State And Main
Hollywood invades Main Street in this unexpectedly light, satirical screwball comedy from hardball writer/director David Mamet.
Having been kicked out of their New Hampshire location, a director and his production crew have only days to secure new locations for their period drama, "The Old Mill." The company invades the sleepy little town of Waterford, Vt., and the ripples immediately spread. At first pleased to have big-time stars in their front yard, the quiet locals come to realize the true impact of Hollywood and bear witness to property destruction, on-the-loose actors, a budget crisis and general production frenzy. Conversely, the simple pleasures of small-town America begin to distract the self-involved crew, illuminating the "intersection" of their two different cultures.
Regular Mamet player William H. Macy is great as always, displaying a varied disposition as the impatient, sweet-talking and manipulative director. As the flustered screenwriter, it's fun to watch Philip Seymour Hoffman squirm at the capricious insanity around him. Rebecca Pidgeon (Mamet's real-life wife) is warm and engaging as the town's moral center, and Sarah Jessica Parker is hilarious as the clothes-optional starlet with non-sequitur rebuttals. Other standouts include David Paymer as the producer/production babysitter, a game Alec Baldwin as the smug, distracted leading man and a confident Julia Stiles as Baldwin's underage "hobby."anor Bron is a caricature of a stern, sour aunt.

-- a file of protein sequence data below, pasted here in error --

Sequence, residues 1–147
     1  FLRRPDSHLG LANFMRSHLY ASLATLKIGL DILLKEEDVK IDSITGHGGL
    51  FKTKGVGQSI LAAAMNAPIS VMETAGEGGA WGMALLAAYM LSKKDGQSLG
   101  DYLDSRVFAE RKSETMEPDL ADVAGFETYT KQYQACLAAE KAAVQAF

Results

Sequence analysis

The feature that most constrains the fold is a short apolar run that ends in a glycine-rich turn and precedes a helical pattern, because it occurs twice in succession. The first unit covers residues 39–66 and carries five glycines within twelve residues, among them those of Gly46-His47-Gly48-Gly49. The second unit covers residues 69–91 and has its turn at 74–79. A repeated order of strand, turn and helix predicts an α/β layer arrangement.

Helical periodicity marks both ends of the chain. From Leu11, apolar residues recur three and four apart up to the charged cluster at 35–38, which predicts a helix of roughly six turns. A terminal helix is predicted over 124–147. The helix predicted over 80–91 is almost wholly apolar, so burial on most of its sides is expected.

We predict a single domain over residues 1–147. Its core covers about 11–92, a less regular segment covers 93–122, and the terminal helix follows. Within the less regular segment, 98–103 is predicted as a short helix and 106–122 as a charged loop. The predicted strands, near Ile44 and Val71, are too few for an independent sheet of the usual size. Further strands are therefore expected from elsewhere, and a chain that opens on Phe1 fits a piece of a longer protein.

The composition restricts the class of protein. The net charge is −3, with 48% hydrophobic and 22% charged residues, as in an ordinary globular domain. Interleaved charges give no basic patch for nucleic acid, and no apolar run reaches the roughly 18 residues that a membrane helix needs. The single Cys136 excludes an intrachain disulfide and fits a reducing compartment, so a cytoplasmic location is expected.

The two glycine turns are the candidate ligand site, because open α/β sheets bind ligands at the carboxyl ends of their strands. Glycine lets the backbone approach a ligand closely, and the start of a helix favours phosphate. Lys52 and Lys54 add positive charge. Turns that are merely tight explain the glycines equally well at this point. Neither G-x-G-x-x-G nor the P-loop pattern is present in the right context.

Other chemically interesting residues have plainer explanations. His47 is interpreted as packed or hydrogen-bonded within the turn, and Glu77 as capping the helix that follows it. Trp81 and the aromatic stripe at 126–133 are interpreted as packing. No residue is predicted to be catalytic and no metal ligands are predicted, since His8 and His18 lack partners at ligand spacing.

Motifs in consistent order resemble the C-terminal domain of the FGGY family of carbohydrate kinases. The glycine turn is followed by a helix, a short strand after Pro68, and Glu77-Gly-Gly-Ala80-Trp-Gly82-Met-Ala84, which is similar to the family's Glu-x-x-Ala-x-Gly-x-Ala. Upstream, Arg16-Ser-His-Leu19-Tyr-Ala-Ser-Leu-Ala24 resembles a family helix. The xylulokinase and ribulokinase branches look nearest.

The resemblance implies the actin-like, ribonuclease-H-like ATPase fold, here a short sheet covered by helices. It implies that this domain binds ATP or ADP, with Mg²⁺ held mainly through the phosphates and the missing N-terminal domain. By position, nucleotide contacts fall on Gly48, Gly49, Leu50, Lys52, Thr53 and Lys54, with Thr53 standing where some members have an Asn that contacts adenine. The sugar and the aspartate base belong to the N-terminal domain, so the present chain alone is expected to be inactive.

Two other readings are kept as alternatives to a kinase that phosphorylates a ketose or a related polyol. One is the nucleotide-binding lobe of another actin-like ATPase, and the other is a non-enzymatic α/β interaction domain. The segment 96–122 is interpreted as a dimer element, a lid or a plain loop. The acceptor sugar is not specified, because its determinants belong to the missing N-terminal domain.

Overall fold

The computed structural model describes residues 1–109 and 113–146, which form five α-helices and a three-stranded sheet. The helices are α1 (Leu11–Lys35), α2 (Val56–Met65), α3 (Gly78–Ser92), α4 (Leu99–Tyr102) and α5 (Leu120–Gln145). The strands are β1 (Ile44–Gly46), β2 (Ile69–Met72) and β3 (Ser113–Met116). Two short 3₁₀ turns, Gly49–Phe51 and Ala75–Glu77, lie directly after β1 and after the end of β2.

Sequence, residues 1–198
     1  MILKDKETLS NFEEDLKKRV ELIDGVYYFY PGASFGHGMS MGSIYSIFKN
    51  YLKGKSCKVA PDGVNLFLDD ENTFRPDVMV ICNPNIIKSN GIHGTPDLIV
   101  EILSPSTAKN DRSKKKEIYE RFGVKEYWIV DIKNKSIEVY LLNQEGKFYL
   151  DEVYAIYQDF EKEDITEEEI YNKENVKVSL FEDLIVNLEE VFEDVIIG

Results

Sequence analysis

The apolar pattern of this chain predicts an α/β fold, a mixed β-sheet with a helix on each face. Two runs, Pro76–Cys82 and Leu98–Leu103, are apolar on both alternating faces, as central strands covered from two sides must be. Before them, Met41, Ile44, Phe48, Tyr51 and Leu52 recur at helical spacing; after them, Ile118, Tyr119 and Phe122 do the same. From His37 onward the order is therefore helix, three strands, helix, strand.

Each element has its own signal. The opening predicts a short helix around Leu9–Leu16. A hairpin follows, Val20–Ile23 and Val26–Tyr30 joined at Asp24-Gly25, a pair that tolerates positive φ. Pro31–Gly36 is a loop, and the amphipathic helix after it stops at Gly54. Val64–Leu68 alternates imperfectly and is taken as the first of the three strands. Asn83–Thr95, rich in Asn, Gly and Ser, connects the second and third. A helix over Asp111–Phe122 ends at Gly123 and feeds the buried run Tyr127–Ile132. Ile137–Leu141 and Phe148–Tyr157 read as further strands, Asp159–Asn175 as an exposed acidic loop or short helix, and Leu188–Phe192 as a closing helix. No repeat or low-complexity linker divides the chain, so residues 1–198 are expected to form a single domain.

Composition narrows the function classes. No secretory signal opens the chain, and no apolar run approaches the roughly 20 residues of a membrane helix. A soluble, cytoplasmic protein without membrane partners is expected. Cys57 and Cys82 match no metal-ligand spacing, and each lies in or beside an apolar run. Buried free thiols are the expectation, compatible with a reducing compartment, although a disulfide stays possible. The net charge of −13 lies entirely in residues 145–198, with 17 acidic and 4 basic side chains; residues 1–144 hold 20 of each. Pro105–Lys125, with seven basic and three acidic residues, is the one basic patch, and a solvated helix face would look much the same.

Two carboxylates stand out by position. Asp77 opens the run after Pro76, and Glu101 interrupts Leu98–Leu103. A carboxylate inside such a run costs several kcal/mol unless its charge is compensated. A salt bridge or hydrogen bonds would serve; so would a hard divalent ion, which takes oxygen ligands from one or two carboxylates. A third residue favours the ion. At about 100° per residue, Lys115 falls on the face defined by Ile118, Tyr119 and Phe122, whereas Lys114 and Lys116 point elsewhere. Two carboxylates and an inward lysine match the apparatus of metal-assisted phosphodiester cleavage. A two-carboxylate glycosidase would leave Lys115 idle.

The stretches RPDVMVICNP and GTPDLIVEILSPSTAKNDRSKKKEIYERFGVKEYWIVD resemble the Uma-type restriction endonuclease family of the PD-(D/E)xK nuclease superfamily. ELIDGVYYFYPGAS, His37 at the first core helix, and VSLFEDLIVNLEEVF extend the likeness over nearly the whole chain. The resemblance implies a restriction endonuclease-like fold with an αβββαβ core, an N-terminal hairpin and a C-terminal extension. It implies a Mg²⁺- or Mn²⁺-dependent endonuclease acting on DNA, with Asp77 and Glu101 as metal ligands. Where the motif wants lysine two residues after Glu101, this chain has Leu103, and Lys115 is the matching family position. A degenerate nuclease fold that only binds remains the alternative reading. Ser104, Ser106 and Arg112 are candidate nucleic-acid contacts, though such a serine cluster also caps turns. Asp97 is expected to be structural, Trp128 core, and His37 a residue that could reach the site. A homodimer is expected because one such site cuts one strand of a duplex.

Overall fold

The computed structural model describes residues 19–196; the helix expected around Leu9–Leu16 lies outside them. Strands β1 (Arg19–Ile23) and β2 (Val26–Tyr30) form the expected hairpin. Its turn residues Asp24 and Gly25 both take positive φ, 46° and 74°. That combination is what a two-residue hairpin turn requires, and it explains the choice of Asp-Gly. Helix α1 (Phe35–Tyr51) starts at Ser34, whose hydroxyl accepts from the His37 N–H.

Skewering Tinseltown stereotypes and rural America with glee, Mamet captures all the right details: the production frenzy, the erratic problem-solving logic, the egos and the greed, hand in hand with the false innocence and easy corruption of local color. While certain industry jokes and insider lingo may fly over small towners' heads, there's a good amount of broad comedy and clever character quirks to make up for it. Citing Preston Sturges as his chief influence for "State and Main," Mamet successfully achieves some genuine screwball comedy, a perfect fit for his normally stiff, stage-like choreography.
The smartest and funniest industry satire since "The Player" and "Living in Oblivion." Make sure you stay through the final credit roll for the extra tidbits.